If you were to ask many of your peers, hedge funds are seen as useless, old financial tools of a forgotten age. Although there are In excess of 8,000 hedge funds in operation today, Insider Monkey focuses on the elite of this club, about 525 funds. It is widely held that this group has its hands on the majority of the hedge fund industry’s total capital, and by watching their highest quality equity investments, we’ve identified a number of investment strategies that have historically beaten Mr. Market. Our small-cap hedge fund strategy outperformed the S&P 500 index by 18 percentage points annually for a decade in our back tests, and since we’ve began to sharing our picks with our subscribers at the end of August 2012, we have trumped the S&P 500 index by 33 percentage points in 11 months (explore the details and some picks here).
Equally as crucial, optimistic insider trading sentiment is another way to look at the world of equities. As the old adage goes: there are plenty of motivations for an executive to get rid of shares of his or her company, but just one, very simple reason why they would initiate a purchase. Several academic studies have demonstrated the useful potential of this method if investors understand where to look (learn more here).
What’s more, we’re going to discuss the recent info surrounding Fidelity National Information Services (NYSE:FIS).
Hedge fund activity in Fidelity National Information Services (NYSE:FIS)
Heading into Q3, a total of 34 of the hedge funds we track held long positions in this stock, a change of -3% from the previous quarter. With hedgies’ positions undergoing their usual ebb and flow, there exists an “upper tier” of key hedge fund managers who were upping their holdings substantially.
When using filings from the hedgies we track, Boykin Curry’s Eagle Capital Management had the largest position in Fidelity National Information Services (NYSE:FIS), worth close to $375 million, comprising 2% of its total 13F portfolio. The second largest stake is held by Glenview Capital, managed by Larry Robbins, which held a $246.7 million position; the fund has 2.3% of its 13F portfolio invested in the stock. Some other hedge funds that hold long positions include Chase Coleman and Feroz Dewan’s Tiger Global Management LLC, William von Mueffling’s Cantillon Capital Management and Lee Ainslie’s Maverick Capital.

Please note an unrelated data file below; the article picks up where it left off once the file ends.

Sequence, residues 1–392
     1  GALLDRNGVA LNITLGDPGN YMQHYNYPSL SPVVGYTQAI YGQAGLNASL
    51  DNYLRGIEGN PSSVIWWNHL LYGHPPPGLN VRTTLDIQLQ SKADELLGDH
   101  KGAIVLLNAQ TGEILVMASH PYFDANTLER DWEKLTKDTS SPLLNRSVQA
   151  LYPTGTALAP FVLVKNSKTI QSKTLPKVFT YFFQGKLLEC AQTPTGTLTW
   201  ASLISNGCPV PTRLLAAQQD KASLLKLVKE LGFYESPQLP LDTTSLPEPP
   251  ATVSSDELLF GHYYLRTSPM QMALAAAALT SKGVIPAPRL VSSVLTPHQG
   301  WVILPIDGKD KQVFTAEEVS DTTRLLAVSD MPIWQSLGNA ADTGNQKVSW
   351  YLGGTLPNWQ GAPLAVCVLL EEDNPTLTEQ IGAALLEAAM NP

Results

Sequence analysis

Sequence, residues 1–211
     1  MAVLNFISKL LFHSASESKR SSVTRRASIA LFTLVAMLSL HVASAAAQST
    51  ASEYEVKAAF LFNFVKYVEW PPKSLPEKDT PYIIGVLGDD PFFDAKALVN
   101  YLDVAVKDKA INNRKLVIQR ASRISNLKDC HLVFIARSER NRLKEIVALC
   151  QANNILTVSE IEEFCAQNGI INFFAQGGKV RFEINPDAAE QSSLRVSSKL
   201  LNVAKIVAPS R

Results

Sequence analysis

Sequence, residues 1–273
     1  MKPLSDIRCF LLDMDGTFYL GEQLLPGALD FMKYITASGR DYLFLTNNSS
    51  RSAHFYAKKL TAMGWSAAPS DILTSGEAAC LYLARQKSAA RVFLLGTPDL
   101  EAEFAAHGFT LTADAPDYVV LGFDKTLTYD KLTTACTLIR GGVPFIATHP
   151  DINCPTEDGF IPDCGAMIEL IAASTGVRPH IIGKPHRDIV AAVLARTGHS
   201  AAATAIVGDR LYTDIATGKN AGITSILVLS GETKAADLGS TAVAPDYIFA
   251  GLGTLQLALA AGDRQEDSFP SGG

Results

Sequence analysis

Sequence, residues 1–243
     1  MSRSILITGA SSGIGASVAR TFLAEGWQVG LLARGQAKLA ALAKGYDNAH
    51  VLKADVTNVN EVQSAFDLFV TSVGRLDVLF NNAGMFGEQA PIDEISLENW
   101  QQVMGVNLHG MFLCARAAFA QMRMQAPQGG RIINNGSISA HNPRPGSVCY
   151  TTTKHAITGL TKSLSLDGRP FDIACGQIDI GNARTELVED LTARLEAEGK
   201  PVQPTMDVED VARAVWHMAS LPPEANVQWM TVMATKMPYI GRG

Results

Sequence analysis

Judging by the fact that Fidelity National Information Services (NYSE:FIS) has faced declining interest from the entirety of the hedge funds we track, it’s easy to see that there is a sect of hedge funds that slashed their entire stakes at the end of the second quarter. Interestingly, Andrew J. M. Spokes’s Farallon Capital dumped the largest stake of all the hedgies we track, comprising close to $207.3 million in stock. Clint Carlson’s fund, Carlson Capital, also cut its stock, about $46.3 million worth. These bearish behaviors are intriguing to say the least, as total hedge fund interest dropped by 1 funds at the end of the second quarter.
How are insiders trading Fidelity National Information Services (NYSE:FIS)?
Insider buying made by high-level executives is most useful when the company we’re looking at has experienced transactions within the past half-year. Over the last 180-day time frame, Fidelity National Information Services (NYSE:FIS) has seen zero unique insiders purchasing, and 4 insider sales (see the details of insider trades here).
We’ll check out the relationship between both of these indicators in other stocks similar to Fidelity National Information Services (NYSE:FIS). These stocks are FleetCor Technologies, Inc. (NYSE:FLT), Alliance Data Systems Corporation (NYSE:ADS), Verisk Analytics, Inc. (NASDAQ:VRSK), Moody’s Corporation (NYSE:MCO), and Fiserv, Inc. (NASDAQ:FISV). This group of stocks belong to the business services industry and their market caps are similar to FIS’s market cap.